There were four objectives specified in the report:
- To assess the sufficiency of BOE’s efforts to maintain the integrity of the QVF
- To assess the effectiveness of selected application access controls over QVF and the Electronic Poll Book
- To assess the sufficiency of selected BOE post-election audit procedures to help ensure the integrity of elections.
- To assess the sufficiency of BOE’s efforts to establish and provide training to the county, city, and township officials who are responsible for conducting elections
According to the Michigan Auditor General, none of the anomalies cited above justified any concern with the integrity of the QVF under the oversight of MI Secretary of State Jocelyn Benson. In fact, their assessment of the Michigan Bureau of Elections operations deemed that they were “Sufficient, with exceptions” or “effective”. All “exceptions” cited were minor findings not directly related to the integrity of the QVF such as insufficient training. My independent analysis of their report came to a much different conclusion. The Auditor General did not even start their analysis with the official number of ballots cast according to the Michigan Secretary of State. Why would the Auditor General produce such shoddy work? Why were they not held accountable for such negligence during subsequent committee hearings by elected officials responsible for election oversight?
What is the solution to these QVF “anomalies”? In a word…transparency.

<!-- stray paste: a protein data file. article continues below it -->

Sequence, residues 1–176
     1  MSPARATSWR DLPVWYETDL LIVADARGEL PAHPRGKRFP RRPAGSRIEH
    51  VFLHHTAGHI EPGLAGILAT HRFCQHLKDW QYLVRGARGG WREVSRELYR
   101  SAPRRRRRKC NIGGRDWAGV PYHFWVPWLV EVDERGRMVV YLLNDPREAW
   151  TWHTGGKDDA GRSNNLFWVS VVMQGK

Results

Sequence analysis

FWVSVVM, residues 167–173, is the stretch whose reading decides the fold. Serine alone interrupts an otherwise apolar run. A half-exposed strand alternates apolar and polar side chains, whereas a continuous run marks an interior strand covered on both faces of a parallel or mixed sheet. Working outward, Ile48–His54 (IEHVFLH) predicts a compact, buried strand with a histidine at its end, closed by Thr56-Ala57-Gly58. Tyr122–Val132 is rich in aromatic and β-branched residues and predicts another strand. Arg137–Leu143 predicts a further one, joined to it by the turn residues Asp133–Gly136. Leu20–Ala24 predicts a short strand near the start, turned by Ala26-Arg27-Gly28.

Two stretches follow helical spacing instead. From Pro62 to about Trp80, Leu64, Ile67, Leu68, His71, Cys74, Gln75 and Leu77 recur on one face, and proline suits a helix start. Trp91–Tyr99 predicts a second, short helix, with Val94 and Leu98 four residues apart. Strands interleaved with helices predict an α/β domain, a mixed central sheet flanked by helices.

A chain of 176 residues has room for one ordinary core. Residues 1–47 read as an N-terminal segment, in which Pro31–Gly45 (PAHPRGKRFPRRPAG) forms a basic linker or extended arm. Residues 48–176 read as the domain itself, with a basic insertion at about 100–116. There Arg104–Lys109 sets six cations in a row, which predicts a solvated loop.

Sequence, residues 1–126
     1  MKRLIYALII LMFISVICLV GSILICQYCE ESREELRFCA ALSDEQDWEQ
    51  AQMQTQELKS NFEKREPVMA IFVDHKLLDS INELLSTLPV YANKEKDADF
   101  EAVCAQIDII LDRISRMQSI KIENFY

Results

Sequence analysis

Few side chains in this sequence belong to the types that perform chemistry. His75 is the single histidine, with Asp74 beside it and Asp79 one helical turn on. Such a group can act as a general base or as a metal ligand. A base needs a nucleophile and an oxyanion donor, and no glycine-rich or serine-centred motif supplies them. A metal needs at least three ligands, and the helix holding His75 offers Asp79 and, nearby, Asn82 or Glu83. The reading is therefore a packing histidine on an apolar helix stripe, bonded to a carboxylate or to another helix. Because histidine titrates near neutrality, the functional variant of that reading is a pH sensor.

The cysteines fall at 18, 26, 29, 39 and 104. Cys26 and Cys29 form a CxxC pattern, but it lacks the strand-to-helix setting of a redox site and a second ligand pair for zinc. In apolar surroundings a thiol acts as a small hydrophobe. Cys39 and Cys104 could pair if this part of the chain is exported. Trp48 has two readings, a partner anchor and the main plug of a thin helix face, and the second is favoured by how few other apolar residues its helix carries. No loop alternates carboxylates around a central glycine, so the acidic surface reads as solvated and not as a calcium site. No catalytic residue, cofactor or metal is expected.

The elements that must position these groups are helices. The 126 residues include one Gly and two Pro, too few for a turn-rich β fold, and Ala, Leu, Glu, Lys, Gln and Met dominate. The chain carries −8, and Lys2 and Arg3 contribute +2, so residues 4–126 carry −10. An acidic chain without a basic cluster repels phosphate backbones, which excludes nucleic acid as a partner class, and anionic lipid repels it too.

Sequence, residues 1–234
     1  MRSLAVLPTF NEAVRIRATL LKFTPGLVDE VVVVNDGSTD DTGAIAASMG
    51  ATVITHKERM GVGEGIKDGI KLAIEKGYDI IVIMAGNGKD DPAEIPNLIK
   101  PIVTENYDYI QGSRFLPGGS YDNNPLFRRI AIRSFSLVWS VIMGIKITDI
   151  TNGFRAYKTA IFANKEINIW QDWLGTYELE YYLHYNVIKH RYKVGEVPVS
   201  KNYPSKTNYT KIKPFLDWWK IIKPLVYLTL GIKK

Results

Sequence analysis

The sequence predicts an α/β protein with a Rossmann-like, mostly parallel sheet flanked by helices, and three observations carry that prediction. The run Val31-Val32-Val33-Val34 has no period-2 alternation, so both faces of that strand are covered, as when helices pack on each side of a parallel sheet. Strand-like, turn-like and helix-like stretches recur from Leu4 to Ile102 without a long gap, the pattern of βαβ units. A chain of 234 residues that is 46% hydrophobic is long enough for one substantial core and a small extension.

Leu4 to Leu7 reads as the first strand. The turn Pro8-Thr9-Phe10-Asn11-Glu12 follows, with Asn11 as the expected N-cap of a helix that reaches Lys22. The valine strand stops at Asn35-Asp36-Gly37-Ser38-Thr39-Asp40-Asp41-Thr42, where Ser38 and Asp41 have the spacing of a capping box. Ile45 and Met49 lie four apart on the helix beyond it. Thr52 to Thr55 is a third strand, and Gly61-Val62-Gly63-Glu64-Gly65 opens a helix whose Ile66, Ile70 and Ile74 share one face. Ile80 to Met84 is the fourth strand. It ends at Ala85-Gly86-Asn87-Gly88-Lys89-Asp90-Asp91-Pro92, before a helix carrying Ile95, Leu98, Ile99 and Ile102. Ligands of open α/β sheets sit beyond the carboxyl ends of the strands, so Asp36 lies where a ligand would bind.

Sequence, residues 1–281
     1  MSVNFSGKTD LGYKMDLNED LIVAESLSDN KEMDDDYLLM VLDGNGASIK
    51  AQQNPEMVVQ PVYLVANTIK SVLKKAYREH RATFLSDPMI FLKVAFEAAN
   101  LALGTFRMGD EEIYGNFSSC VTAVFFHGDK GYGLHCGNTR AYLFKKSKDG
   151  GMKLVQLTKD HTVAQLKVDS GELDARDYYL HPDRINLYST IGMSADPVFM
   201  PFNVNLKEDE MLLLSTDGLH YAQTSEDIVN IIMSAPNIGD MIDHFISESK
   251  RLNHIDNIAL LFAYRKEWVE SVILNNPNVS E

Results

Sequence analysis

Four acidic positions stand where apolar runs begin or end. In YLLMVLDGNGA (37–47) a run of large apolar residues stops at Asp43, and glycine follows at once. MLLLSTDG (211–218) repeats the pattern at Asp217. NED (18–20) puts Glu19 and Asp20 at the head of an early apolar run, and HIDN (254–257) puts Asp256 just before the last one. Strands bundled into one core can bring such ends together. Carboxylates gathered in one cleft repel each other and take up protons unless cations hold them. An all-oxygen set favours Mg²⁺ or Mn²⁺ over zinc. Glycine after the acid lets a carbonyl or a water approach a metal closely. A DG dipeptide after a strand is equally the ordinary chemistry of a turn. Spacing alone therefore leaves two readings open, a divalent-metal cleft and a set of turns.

Nothing in law prohibits election officials from posting non-sensitive voter information that could be used to verify voter roll integrity such as name, address and age free of charge to the public. All of this information is already available to citizens willing to spend thousands of dollars on FOIA requests to obtain snapshots of the QVF. In light of the importance of this information to the integrity of our elections, every clerk interested in election integrity should post this information for their jurisdiction in a downloadable format on their municipal websites. Citizens can then canvass their neighborhood to verify the integrity of their local voter rolls.
While we patiently wait for election officials to let everyday citizens help them clean our voter rolls, there are organizations and individuals seeking to make this information available right now. The PILF has launched a national tool they refer to as the Interactive Voter Roll Error database. Tech savvy citizens in Michigan have launched the website CheckMyVote.org to enable citizens to check on the integrity of Michigan’s voter rolls.